Facts: Appellant was indicted on two counts of possession of child sexual abuse images. The indictment included that Appellant’s electronic storage devices, including three computers and other hard drives, were subject to forfeiture under 18 U.S.C. 2253 because they contained child sexual abuse images. Appellant plead guilty to one of the two counts and did not dispute the forfeiture but asked for the Government to return certain noncontraband files. The Government agreed, but negotiations soon broke down. Appellant filed a motion with the district court for return of the noncontraband files under Fed.R.Crim. Pro 41(g). Without ruling, the court directed the parties to work it out. The court did enter a forfeiture order with respect to the contraband items. Failing to reach a mutually agreeable outcome, appellant filed another motion with the district court for return of the noncontraband items. Three separate hearings were held on this motion. The Government contended that it would be unduly costly and difficult to separate contraband from noncontraband files. At the close of the third hearing, the court denied the motion.
Issue: Whether the district court erred in denying the motion to return property.
Law: “A person aggrieved … by the deprivation of property may move for the property’s return.” Fed.R.Crim.P. 41(g). The burden of proof on a Rule 41(g) motion depends on when the defendant files the motion. “When a motion for return of property is made before an indictment is filed (but a criminal investigation is pending), the movant bears the burden of proving both that the [property’s] seizure was illegal and that he or she is entitled to lawful possession of the property.” United States v. Martinson, 809 F.2d 1364, 1369 (9th Cir.1987) (citations omitted). But that burden of proof changes when “the property in question is no longer needed for evidentiary purposes, either because trial is complete, the defendant has pleaded guilty, or … the government has abandoned its investigation.” Id. Then, the burden of proof shifts and the defendant “is presumed to have a right to [the property’s] return, and the government has the burden of demonstrating that it has a legitimate reason to retain the property.” Id.; see also United States v. Kriesel, 720 F.3d 1137, 1144 (9th Cir.2013) (explaining that a “defendant’s Rule 41(g) motion should presumptively be granted if the government no longer needs the property for evidence.”).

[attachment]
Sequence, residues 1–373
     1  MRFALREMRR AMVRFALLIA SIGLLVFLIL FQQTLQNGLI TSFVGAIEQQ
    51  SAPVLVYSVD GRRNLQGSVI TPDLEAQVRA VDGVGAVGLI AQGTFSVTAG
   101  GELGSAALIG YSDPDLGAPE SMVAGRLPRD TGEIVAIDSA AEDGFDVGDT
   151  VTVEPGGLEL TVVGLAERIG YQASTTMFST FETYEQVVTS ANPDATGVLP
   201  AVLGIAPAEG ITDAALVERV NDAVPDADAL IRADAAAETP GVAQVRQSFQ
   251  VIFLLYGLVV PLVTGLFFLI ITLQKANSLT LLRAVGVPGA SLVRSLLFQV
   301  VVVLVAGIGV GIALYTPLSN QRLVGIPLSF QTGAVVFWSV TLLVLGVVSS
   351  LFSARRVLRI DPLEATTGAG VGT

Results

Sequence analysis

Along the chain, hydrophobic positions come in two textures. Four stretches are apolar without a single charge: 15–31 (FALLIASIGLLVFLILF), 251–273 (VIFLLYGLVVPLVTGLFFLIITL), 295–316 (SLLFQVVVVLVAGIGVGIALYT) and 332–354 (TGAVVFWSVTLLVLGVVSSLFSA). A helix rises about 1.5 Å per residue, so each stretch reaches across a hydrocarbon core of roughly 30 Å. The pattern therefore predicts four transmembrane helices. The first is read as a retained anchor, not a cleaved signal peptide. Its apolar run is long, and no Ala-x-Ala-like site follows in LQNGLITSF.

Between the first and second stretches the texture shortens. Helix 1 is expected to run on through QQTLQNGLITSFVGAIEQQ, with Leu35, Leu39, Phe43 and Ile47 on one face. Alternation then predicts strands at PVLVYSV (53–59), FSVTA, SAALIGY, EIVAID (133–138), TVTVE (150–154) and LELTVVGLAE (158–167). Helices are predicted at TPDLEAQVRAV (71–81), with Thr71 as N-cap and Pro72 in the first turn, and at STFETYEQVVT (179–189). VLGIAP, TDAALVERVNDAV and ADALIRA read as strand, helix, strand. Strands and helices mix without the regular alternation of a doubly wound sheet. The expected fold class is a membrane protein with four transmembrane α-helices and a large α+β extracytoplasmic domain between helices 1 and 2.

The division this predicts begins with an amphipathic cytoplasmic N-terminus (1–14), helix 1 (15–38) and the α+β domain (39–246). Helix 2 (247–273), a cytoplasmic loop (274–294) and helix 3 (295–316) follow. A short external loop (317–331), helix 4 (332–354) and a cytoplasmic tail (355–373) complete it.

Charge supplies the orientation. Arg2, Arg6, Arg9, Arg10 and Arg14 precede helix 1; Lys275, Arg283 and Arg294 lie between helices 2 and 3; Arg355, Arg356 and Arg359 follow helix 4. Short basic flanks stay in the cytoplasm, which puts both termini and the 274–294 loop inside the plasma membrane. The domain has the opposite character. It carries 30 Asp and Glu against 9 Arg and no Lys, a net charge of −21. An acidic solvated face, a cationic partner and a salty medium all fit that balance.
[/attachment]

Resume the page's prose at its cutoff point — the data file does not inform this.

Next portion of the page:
Holding: Reversed and Remanded. I think this reversal is all to do with the district court’s improper placement of the burden of proof on the defendant, rather than the Government. In fact, the court gives the lower court multiple avenues to deny the defendant’s motion, including amending the forfeiture order to include all the files.
Practitioner Notes: At minimum the burden of proof/persuasion needs to be properly placed. In hearings like this, the appellate court intimates that the Government need only show how costly and burdensome it would be for the Government to parse out the noncontraband files, thus demonstrating a legitimate reason for retention.